Los Angeles As Tavis Smiley begins the second season of his PBS talk show, his guest list isn't lacking for high-profile personalities.
In the first week alone, actors John Travolta, Don Cheadle and Kevin Bacon, documentary filmmaker Ken Burns and writer Christopher Hitchens are among those scheduled on "Tavis Smiley."
But for Smiley, the public television series (midnight, KCPT) is just one forum -- and, to hear him tell it, maybe not even the most important.
Spurred in part by his new relationship with Texas Southern University, where he helped fund a new media studies center, Smiley said he intends to focus on journalism students and what he can teach them.
Part of the lesson, he said, is to prepare for a changing society.
"Somebody has got to talk to this next generation of journalists to let them know of the responsibility they have in this multicultural, multiracial, multiethnic America," he said.
In a competitive world "they've got to have relationships and appreciation for communities of color and people who live there," Smiley said.
That insight is lacking in the news and entertainment industries, he contends, as exemplified by the hiring of Brian Williams and Craig Ferguson, two white men, to replace two other white men (anchor Tom Brokaw and talk-show host Craig Kilborn, respectively).
The failure to seriously consider and hire women or minorities for such jobs is "wanton hubris," he argued, and something that will ultimately prove costly.
"Television programmers will eventually see the light or feel the heat. Clearly, many of them are going to have to feel the heat" of shrinking viewership in an increasingly diverse America, Smiley said.
For Smiley, 2004 generated heat in unexpected ways.
Last September's announcement of the Tavis Smiley School of Communications and Media Studies Center at Texas Southern University in Houston was a highlight of the year in which he turned 40.
The facility, built with a $1 million donation from Smiley and money from the state of Texas on the campus of the historically black school, officially opens Feb. 24.
It helped inspire him to add to his already busy lecture schedule. Smiley, whose nonprofit Tavis Smiley Foundation includes a Web site, conferences and newsletter, has said his mantra is to "enlighten, encourage and empower."
A disheartening and "painful" event, he said, was his decision to leave his National Public Radio daytime talk show.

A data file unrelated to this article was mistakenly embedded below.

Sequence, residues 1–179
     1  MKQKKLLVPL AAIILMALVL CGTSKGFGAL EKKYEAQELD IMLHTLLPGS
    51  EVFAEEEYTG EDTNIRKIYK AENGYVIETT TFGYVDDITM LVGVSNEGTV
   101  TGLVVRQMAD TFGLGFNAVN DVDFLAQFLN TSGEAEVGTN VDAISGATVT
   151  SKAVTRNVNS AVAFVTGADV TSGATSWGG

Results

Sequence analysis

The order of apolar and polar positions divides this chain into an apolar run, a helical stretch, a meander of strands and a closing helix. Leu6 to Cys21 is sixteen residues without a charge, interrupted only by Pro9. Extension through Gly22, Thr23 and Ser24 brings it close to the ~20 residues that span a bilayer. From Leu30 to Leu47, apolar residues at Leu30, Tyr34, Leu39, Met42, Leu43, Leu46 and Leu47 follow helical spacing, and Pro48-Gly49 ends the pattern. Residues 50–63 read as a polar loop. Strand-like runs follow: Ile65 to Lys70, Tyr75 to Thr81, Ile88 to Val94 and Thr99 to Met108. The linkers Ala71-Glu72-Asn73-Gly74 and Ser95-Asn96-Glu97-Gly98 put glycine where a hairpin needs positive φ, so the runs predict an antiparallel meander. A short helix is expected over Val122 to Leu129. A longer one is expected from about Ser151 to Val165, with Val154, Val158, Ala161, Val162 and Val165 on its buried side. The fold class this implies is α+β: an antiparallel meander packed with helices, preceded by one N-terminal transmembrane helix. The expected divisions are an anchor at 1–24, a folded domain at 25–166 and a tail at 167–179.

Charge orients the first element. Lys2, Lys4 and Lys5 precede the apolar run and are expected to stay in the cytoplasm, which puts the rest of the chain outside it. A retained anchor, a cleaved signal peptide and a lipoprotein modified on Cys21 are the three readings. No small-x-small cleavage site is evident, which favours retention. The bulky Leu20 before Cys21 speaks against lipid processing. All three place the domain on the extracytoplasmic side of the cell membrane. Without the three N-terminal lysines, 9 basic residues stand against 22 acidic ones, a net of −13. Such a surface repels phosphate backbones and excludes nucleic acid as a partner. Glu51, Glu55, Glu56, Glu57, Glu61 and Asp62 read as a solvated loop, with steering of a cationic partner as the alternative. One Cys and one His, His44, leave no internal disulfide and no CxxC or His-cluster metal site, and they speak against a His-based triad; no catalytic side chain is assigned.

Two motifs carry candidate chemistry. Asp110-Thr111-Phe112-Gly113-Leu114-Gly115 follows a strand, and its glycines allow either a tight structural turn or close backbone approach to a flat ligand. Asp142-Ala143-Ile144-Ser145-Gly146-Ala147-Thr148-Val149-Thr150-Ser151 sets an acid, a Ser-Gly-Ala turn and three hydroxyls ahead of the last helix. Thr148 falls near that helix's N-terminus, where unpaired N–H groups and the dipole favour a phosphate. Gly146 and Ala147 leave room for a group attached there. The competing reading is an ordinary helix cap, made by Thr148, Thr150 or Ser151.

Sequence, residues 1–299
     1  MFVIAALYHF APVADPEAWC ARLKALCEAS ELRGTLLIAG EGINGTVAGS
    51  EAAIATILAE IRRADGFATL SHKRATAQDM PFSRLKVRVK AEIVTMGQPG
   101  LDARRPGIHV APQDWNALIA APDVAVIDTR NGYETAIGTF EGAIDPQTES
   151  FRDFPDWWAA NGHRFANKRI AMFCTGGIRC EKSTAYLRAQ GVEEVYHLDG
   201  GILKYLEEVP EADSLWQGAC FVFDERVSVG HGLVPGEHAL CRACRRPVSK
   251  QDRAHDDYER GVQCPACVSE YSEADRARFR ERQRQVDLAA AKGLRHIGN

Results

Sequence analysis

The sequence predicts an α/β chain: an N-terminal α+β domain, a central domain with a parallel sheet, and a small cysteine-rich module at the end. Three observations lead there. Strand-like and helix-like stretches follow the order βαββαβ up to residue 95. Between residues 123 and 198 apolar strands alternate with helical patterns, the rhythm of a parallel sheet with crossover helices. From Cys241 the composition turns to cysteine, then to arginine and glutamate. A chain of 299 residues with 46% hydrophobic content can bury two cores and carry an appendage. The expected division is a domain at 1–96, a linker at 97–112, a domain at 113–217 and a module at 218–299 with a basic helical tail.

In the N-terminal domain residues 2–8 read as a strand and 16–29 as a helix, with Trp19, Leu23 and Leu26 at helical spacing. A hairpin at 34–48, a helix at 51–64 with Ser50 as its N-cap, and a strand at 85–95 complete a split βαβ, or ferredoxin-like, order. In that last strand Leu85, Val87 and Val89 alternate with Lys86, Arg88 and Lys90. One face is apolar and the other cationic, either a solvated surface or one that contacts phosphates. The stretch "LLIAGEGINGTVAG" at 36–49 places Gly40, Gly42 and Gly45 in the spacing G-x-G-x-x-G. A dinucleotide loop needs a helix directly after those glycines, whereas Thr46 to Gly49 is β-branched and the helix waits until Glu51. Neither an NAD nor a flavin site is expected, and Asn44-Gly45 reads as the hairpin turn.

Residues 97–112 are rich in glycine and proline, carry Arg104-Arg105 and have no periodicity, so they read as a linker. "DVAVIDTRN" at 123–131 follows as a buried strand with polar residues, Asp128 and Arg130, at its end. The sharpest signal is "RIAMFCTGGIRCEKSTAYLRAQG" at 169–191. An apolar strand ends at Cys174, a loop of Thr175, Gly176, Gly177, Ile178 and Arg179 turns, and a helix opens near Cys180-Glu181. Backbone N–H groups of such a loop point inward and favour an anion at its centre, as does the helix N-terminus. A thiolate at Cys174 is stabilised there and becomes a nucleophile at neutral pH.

Smiley, who three years ago became host of NPR's first black-oriented show, alleged NPR didn't make his renewal a priority and failed to live up to promises to expand marketing efforts.
The show started on 16 stations and was reaching more than 80 when Smiley exited in December; it attracted the same kind of multiethnic, upscale and educated audience he draws to PBS.
(When he first considered the job, he recalls, Bill Cosby advised him that NPR "represents the kind of credibility card you can throw down anywhere in the world.")
Smiley stood out among NPR hosts with his dynamic baritone and topics aimed at minorities as well as whites. But many in the black community remained unaware of his show because NPR itself isn't on their radar, Smiley said.
"At the end of three years, they still would not commit to outreach this program to those underserved communities, people who could appreciate and be empowered by NPR but are unaware of it," he said.
The experience made him question NPR's commitment to diversity, Smiley said.
NPR was eager to renew his show and remains intent on expanding its minority audience, responded spokesman David Umansky. But as a nonprofit that focuses on production and last year spent only $165,000 on marketing, he said, NPR couldn't meet what Umansky alleges was a $3 million demand for promotion.
Smiley denied the accuracy of NPR's figures but "maintained his policy of not discussing contractual negotiations," said Joel Brokaw, a spokesman for Smiley.
Negotiations were already under way for a series with Ed Gordon, a former Smiley colleague at Black Entertainment Television, when Smiley left, Umansky said.
But Smiley contends the contrast between public radio and TV is sharp: PBS already has programming that appeals to a varied audience, he said. It's also increasing his role with a Friday night public-affairs show and has put up "seed money" for four 2005 specials (the topics are under discussion).
"That's the kind of commitment I'm talking about," he said.
His absence from a daily radio gig may be brief. Smiley said he's weighing offers for a new show that he expects to be heard nationally -- and maybe even on public radio stations, whose programming decisions are independent of NPR.
That, he said, would be "an interesting twist."